The Spaulding family, starting with J. B. Spaulding, grandfather of Willis and Charles Spaulding and Maydie Spaulding Lee, at various times owned several orchards around Springfield.
The village of Spaulding, next to Riverton, “got its railroad station because of the volume of foliage, plants, shrubs and trees shipped from the J.B. Spaulding nursery,” according to a memorial leaflet for Charles Spaulding, who developed a variety of water purification techniques for City Water, Light and Power in the early to mid-1900s.
“The old gingko trees and the enormous cucumber trees on (the lawn of what is now the Chesapeake Seafood House on Clear Lake Avenue) were nurtured in the old Spaulding nursery,” the leaflet adds.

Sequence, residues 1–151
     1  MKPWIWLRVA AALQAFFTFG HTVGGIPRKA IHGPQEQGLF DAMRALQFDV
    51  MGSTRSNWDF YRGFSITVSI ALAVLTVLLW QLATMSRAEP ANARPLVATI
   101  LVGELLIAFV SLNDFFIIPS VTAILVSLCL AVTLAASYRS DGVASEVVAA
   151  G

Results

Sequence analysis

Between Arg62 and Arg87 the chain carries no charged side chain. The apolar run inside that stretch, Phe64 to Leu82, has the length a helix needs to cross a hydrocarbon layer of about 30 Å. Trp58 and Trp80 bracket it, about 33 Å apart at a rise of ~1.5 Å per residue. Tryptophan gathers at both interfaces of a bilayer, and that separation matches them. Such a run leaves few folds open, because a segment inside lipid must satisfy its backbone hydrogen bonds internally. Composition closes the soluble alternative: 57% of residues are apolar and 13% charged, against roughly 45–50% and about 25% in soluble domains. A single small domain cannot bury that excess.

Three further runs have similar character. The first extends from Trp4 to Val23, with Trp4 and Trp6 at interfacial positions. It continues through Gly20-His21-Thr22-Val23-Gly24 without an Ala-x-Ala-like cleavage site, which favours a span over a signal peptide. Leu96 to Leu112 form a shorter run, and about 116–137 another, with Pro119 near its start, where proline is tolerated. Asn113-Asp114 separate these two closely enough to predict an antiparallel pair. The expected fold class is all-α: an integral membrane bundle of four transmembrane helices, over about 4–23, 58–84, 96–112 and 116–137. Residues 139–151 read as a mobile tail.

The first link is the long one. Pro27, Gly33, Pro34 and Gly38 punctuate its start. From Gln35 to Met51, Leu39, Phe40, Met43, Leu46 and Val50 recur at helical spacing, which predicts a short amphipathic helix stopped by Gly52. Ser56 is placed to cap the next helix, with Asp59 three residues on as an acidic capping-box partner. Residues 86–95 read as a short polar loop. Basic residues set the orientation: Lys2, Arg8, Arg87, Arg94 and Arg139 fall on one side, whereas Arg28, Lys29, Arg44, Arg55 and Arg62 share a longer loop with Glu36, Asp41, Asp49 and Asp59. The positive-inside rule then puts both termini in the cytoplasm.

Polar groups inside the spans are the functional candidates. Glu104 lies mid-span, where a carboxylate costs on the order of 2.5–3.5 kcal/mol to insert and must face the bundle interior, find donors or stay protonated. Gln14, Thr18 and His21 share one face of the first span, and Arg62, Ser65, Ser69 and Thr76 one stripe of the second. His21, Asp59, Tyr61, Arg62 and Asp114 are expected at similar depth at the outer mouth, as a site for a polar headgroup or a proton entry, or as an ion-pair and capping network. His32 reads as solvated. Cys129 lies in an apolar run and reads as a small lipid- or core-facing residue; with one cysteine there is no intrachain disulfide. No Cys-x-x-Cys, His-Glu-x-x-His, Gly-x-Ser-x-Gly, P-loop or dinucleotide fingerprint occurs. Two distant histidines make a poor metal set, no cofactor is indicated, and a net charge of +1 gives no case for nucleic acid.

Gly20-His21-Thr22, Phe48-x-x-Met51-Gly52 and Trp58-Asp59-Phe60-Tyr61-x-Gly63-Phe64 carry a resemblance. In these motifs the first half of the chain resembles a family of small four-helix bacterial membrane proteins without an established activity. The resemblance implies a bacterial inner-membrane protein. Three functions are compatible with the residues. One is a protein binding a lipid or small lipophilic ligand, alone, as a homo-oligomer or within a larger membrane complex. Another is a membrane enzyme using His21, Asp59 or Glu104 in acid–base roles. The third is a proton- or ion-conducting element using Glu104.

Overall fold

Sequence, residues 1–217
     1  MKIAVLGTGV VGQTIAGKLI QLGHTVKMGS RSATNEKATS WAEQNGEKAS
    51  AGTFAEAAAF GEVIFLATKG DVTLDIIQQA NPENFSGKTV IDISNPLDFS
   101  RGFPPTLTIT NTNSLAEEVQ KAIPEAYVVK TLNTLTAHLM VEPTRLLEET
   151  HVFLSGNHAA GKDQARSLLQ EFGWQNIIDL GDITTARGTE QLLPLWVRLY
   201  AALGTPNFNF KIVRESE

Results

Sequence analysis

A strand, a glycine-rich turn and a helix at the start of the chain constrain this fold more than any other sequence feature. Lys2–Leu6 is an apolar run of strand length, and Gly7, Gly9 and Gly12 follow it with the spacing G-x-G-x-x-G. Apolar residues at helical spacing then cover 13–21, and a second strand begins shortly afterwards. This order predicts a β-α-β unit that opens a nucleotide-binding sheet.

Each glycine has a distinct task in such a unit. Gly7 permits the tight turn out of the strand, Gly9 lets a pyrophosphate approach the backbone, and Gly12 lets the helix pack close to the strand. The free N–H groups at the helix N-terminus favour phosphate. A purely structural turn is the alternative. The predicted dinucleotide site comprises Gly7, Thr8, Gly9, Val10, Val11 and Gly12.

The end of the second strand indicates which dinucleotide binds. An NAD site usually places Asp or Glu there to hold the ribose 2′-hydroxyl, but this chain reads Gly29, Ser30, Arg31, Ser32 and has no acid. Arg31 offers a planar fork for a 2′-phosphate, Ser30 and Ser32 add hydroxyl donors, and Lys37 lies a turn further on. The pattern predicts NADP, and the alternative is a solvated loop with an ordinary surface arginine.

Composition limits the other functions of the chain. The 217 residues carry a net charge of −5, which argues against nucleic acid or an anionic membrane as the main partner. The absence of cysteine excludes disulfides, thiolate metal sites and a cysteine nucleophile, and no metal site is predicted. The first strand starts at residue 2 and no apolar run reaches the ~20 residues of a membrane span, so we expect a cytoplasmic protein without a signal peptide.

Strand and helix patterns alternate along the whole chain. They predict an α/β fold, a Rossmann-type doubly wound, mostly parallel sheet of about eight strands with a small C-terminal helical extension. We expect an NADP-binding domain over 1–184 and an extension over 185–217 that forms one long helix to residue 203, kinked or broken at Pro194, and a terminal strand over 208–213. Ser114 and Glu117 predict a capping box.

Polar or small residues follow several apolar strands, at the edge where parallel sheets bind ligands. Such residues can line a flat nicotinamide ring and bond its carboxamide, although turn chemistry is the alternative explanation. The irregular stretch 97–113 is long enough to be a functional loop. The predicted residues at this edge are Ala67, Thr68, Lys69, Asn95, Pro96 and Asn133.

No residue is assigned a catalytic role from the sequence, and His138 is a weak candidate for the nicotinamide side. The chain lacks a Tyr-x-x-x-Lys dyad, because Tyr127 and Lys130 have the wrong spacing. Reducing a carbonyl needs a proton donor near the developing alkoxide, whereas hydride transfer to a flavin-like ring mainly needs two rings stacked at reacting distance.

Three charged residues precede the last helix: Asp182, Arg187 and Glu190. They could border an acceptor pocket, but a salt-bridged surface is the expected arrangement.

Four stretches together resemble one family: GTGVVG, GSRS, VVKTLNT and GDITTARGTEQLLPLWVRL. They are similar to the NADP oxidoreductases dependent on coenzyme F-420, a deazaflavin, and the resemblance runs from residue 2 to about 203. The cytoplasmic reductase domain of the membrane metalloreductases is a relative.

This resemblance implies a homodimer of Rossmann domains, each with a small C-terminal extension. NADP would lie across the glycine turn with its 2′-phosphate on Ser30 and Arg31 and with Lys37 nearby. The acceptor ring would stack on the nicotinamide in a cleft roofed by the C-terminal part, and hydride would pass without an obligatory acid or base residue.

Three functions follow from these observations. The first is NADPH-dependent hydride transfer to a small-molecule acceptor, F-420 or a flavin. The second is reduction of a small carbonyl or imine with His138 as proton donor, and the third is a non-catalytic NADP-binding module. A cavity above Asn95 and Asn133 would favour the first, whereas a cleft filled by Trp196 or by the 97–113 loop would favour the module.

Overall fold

Another Spaulding orchard can be seen on the 1867 Ruger map of Springfield; that orchard ran between Eighth and 10th streets from about Clay Street to South Grand Avenue.
Before he became involved in local government as Springfield utilities commissioner from 1911 to 1943, Willis J. Spaulding was an orchardist for 15 years, in partnership with his brother, Lewis Dana Spaulding.
Dana Spaulding remained in the market garden business after the partnership broke up, buying a large tract of land near Chatham. Today’s Spaulding Orchard Road is a reference to Dana’s business (which for a time specialized in asparagus). The area now is part of the Panther Creek housing development.
Illinois Times food writer Julianne Glatz, who with her husband bought a home on what was the site of the orchard, wrote a memoir of Spaulding Orchard in September 2013.
More information: Spaulding files in the Sangamon Valley Collection at Lincoln Library.
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